When I left rehab for the first time, in early December 2009, I was facing two misdemeanor charges in a different county, $24,000 in hospital bills from an overdose (without a job you must buy your own insurance, and I had been denied coverage by BCBS for “pre-existing conditions”). I was behind on every bill I had, and owed the IRS close to $1200 in back taxes from 2008 – a matter completely unrelated to my addiction which simply reared its ugly head at the wrong time. Oh and I had a girlfriend who I owed money to, who was still using. Newcomer problems. “Outside issues.”

I am a fairly educated person, a fairly intelligent person with resources most addicts simply don’t have, the least of which being my own computer and the ability to use it on multiple levels. It took me almost a year and a half to navigate and overcome all of those difficulties. Oh, and I was trying to maintain what gainful employment I had and learn how to stay clean and sober in the face of it all. I succeeded with the help of the wonderful friends and strangers I met in the rooms of recovery. Very little of that help came from “blood” family, save for a few select individuals.

The only way this purgatory of revolving doors and empty promises will change is if addicts are empowered to rise up and lobby on their own behalf. It’s time for addicts to become powerful voices for change. Imagine the power of 1,000,000 men and women whose sole purpose in life for years was to obtain illegal substances – or legal substances by illegal methods – at any cost, for their own pleasure, now made clear-headed, substance free and focused in one single unified direction. If no one will help, we must choose for ourselves the road we will go, and then walk with our heads held high.

First, information must be immediately available to them upon discharge from rehab: who their congressmen and women are; how these individuals have voted on drug policy or mental health issues; and the most current biological and scientific research on treatment, spelled out in layman’s terms. Second, addicts must gather as they have in recovery meetings, to vote en masse for those public officials and judges who have their best interests at heart, and to discuss the crucial public health issues relevant to addicts without fear of reprisal.

The technology exists to make this happen. This is not the Bronze Age or the Wild West. We are no longer living in the era of the Gutenberg press, web-fed newspaper publications or coin-fed public telephones. With a laptop and smartphone, virtually anyone on earth can access anyone else on earth, and communicate a message to them. Many addicts have limited computer skills and, as a result of financial difficulties (or ruin), will never be able to access one, even one as simple as a basic smart phone. Where those services do exist, the way the information is disseminated to the population is grossly inefficient.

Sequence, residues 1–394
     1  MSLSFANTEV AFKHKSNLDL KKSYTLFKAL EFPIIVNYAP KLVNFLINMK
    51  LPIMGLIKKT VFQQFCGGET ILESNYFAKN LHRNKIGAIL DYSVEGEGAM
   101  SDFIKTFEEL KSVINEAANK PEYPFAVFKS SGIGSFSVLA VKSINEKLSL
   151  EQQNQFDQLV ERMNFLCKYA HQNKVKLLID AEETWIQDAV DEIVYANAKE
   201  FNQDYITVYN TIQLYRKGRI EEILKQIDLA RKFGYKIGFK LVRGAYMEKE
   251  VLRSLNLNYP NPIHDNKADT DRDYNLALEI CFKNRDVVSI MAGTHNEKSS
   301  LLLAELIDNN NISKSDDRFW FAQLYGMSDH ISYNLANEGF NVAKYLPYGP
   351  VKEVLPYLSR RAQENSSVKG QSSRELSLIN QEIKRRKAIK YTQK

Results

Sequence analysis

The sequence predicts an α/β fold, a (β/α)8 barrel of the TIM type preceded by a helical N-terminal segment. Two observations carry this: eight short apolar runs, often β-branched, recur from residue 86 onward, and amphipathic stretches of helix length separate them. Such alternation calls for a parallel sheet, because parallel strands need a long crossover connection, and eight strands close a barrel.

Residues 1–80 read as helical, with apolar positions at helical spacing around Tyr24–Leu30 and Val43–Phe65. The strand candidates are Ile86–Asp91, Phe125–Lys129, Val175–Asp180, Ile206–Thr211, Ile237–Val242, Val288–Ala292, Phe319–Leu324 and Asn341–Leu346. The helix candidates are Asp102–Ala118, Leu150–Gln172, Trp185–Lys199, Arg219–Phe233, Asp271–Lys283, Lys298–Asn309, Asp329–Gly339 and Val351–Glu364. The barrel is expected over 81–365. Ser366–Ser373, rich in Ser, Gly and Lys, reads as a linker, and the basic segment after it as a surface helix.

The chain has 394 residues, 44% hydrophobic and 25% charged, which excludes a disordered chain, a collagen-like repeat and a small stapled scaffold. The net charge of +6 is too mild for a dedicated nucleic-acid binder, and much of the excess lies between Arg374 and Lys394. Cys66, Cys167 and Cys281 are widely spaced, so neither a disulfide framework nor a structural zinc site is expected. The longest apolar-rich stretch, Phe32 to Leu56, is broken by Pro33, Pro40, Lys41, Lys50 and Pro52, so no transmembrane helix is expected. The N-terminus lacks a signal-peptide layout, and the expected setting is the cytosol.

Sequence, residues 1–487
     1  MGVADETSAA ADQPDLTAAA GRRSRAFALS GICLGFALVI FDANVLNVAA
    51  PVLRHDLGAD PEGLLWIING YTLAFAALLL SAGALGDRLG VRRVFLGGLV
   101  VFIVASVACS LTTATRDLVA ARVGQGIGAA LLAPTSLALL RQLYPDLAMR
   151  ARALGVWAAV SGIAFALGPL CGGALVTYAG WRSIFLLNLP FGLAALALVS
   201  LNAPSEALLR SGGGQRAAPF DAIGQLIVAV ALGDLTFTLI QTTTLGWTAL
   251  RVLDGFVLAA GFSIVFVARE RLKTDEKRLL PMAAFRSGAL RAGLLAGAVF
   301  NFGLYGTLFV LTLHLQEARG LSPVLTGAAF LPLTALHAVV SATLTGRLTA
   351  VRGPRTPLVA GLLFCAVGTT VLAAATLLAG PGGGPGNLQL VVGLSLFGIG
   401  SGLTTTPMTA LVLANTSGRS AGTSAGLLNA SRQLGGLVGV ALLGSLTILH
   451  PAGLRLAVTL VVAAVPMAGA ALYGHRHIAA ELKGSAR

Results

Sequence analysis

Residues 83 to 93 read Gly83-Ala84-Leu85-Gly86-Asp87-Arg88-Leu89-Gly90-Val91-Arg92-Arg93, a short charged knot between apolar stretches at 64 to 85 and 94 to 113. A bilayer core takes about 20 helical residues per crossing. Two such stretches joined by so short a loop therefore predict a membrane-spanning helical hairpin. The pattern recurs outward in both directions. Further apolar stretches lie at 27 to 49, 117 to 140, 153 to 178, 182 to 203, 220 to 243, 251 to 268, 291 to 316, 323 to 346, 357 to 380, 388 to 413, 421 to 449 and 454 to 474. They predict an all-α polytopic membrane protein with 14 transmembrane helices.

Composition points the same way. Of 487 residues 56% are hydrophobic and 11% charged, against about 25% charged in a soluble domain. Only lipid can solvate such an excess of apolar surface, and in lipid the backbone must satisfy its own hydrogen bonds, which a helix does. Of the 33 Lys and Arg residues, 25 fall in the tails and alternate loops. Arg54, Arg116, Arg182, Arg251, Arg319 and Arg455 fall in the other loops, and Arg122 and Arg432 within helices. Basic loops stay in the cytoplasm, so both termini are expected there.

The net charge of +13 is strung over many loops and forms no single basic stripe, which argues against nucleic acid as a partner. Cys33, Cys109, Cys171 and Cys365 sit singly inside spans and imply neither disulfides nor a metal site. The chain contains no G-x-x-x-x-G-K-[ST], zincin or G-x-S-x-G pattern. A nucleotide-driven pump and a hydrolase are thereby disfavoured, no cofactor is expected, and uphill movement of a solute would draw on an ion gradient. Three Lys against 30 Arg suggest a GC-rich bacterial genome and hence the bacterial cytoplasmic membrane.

Additionally, the science and technology behind diagnosis, treatment and recovery are decades-old. Rehabs are still essentially beds, kitchens, meetings and nurses. Sure, blood pressure monitors and thermometers now have digital displays, but the the analog devices from the 1950s and 1960s do the same job. We can squeeze years of music, a portable HD television studio, and a phone/internet communicator into device the size of a deck of cards. Yet we can’t develop affordable bluetooth/wireless devices that stream realtime vitals to doctors and nurses? We can create Google Glass, but can’t develop a brain scanner to record changes in an addict’s brain activity – again, in realtime? I find all this extremely difficult to fathom. It seems reminiscent of the drug companies who’d rather research pills to help a 70-year-old man’s erectile dysfunction, versus more targeted medications for those struggling with “the scourge of society.”

I know I have the tools to begin disseminating information in my community. This blog is one of those. However, these are problems bigger than any one person can solve. I certainly don’t have all the answers.

But it can happen. Occupy Addiction, anyone?

Standard

Leave a Reply

Fill in your details below or click an icon to log in:

WordPress.com Logo

You are commenting using your WordPress.com account. Log Out / Change )

Twitter picture

You are commenting using your Twitter account. Log Out / Change )

Facebook photo

You are commenting using your Facebook account. Log Out / Change )

Google+ photo

You are commenting using your Google+ account. Log Out / Change )

Connecting to %s